So the shit has been hitting the fan for years now, and we regularly talk about packing a "go-bag" in case of social collapse or fire. I look in my kids' faces and calmly explain how, because we live on an island, our go-bag for wildfire will include life jackets for us and the dog, a floaty for the cats in their carrier, a whistle and sunscreen. Should we pack masks for the smoke, or flippers so we can paddle away from our home more quickly? My kids look at me with half-rolled eyeballs, because all of us know this isn't much of a plan. Because there can't be a plan. No video game prepared us for this. Our kids know we're feeding them a sham of security. They know. It's time for us to stop the charade and look this life in the eye.

But HOW?!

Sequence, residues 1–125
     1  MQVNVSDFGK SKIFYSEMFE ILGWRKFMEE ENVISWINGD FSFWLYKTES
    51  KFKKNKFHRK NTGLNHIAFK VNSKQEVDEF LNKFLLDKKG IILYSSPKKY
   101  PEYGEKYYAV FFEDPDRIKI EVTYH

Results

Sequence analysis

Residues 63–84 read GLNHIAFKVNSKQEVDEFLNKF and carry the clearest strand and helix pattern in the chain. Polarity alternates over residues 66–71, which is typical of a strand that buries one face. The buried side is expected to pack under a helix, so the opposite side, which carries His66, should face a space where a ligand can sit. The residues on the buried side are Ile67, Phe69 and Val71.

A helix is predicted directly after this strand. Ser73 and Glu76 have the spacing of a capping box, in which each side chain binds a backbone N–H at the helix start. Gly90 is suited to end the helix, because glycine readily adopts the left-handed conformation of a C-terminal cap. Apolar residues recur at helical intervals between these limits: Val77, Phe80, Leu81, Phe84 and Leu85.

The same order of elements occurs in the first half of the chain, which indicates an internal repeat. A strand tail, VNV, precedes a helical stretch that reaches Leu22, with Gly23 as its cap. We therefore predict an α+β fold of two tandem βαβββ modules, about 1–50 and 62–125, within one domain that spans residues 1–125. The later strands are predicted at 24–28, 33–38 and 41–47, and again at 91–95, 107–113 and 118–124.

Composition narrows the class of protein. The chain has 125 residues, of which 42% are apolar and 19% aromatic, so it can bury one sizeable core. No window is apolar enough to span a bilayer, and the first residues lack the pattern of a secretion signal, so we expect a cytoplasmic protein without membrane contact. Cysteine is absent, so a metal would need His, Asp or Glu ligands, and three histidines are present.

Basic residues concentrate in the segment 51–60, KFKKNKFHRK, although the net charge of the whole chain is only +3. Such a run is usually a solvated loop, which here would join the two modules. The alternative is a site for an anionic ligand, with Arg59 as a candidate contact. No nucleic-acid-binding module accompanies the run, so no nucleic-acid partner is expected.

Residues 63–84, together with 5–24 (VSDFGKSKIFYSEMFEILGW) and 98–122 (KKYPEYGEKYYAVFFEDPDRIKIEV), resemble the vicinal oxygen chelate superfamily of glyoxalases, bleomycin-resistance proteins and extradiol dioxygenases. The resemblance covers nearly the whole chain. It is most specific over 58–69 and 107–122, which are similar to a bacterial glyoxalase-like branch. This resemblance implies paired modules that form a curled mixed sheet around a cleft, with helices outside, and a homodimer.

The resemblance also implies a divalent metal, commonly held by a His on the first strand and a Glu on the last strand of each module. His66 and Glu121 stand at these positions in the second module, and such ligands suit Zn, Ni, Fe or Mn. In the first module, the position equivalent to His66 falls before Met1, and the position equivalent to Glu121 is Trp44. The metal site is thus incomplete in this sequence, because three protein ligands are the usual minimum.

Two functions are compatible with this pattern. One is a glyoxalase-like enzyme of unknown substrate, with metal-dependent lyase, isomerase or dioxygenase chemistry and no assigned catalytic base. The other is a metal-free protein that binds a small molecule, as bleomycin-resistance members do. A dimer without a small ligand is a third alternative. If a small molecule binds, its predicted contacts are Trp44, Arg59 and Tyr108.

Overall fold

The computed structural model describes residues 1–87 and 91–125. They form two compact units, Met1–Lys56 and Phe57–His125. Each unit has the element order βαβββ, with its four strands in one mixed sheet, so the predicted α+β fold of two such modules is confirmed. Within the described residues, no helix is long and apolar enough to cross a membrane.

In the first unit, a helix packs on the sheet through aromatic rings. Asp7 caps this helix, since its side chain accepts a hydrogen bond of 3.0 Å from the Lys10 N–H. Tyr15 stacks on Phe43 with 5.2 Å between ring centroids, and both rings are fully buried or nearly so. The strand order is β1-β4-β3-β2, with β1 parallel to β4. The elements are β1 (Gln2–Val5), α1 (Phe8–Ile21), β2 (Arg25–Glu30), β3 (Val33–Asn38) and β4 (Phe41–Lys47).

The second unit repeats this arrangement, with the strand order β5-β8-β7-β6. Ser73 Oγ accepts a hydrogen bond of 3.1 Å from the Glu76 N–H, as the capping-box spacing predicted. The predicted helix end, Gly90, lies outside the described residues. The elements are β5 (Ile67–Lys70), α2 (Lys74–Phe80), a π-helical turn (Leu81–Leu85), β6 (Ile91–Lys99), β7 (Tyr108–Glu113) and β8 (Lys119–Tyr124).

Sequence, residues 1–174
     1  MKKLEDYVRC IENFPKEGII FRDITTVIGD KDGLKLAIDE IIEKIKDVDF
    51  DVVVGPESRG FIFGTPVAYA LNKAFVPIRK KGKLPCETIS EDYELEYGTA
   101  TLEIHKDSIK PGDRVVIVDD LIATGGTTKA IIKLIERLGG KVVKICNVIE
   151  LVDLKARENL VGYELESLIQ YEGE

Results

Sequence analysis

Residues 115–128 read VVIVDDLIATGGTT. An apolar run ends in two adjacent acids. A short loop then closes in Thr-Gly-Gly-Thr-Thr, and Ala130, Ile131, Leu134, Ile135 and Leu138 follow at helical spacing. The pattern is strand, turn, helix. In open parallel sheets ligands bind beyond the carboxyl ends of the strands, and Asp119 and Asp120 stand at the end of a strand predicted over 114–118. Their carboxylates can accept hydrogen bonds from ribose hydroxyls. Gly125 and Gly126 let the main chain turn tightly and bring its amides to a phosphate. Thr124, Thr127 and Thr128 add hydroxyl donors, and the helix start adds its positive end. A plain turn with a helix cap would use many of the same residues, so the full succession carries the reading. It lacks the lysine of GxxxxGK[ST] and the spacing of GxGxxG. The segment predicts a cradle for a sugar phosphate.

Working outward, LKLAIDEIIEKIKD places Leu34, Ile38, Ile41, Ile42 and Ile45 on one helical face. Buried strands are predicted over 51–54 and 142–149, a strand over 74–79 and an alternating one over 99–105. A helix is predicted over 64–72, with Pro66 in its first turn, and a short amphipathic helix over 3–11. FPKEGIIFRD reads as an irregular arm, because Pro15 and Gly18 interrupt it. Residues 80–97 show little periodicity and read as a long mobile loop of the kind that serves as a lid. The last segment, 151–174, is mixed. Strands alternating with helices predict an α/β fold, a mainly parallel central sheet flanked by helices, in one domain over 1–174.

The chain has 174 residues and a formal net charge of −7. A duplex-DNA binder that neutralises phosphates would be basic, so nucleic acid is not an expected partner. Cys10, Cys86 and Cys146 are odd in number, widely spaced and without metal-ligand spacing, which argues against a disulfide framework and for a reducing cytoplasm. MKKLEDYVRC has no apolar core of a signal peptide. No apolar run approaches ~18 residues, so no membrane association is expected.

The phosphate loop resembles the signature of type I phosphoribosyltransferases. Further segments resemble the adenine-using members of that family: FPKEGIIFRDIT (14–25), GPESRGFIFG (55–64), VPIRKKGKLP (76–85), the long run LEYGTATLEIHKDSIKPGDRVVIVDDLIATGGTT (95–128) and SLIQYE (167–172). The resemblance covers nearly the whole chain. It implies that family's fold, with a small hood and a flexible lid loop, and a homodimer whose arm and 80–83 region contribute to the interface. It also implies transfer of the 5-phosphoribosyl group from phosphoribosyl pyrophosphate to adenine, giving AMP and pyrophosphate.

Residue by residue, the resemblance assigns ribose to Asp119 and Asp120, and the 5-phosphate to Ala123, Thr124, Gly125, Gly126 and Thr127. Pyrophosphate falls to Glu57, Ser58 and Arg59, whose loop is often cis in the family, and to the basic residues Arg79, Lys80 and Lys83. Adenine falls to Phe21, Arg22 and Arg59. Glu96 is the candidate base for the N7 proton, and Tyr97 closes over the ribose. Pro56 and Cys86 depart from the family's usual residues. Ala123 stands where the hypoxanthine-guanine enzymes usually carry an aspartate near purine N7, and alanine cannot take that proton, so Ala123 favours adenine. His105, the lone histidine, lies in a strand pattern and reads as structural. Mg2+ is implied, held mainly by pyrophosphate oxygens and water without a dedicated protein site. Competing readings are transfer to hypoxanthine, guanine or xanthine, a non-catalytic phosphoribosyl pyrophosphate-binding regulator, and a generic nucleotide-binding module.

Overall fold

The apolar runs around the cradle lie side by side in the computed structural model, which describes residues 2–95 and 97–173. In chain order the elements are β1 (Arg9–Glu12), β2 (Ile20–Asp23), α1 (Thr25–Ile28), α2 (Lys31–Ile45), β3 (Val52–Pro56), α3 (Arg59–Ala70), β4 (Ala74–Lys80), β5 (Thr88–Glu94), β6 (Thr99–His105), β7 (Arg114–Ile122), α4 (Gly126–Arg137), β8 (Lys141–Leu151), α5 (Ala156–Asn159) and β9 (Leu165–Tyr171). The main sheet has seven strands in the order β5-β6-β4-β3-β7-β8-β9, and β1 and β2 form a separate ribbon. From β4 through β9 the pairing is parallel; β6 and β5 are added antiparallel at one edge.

We've been parenting from a place of fear; of deep insincerity. We've been downplaying the catastrophe of climate change for generations, now, because as each of us grows into adulthood, we become swept into the delusion our parents clung to; shackled to the same false hope that if we just climb a little higher, we'll come out on top--maybe get a ride on a spaceship--and survive the coming hardships. Maybe our kids will grow up to befriend Elon Musk and it will all be OK. We know that's a pile of shit, and even SHTF doesn't describe the sewer we've walked ourselves into. If we want to parent from a place of authenticity, we need to stop this fantasy, now. We've hidden this truth from our children, because we assume they can't handle it, burying it in toys and games and TV until we end up raising them into the same delusion we carry, ourselves. Our children are already handling the truth, and it's time we did, too. Let's face this truth now: